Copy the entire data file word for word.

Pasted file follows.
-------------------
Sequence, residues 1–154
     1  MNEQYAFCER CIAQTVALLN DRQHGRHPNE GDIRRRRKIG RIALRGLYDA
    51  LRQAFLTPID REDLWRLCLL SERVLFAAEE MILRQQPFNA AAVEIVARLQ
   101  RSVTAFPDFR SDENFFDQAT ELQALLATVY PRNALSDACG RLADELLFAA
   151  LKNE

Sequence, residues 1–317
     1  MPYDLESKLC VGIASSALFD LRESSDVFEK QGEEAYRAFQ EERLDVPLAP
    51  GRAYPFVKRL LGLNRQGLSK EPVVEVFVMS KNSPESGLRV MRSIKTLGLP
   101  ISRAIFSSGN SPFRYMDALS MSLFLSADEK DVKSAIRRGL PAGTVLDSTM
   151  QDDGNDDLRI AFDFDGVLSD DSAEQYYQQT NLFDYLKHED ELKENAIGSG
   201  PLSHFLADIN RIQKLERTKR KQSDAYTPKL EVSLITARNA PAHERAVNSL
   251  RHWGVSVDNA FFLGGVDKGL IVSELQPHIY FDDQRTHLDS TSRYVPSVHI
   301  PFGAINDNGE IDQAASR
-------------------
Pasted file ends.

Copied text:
Sequence, residues 1–154
     1  MNEQYAFCER CIAQTVALLN DRQHGRHPNE GDIRRRRKIG RIALRGLYDA
    51  LRQAFLTPID REDLWRLCLL SERVLFAAEE MILRQQPFNA AAVEIVARLQ
   101  RSVTAFPDFR SDENFFDQAT ELQALLATVY PRNALSDACG RLADELLFAA
   151  LKNE

Sequence, residues 1–317
     1  MPYDLESKLC VGIASSALFD LRESSDVFEK QGEEAYRAFQ EERLDVPLAP
    51  GRAYPFVKRL LGLNRQGLSK EPVVEVFVMS KNSPESGLRV MRSIKTLGLP
   101  ISRAIFSSGN SPFRYMDALS MSLFLSADEK DVKSAIRRGL PAGTVLDSTM
   151  QDDGNDDLRI AFDFDGVLSD DSAEQYYQQT NLFDYLKHED ELKENAIGSG
   201  PLSHFLADIN RIQKLERTKR KQSDAYTPKL EVSLITARNA PAHERAVNSL
   251  RHWGVSVDNA FFLGGVDKGL IVSELQPHIY FDDQRTHLDS TSRYVPSVHI
   301  PFGAINDNGE IDQAASR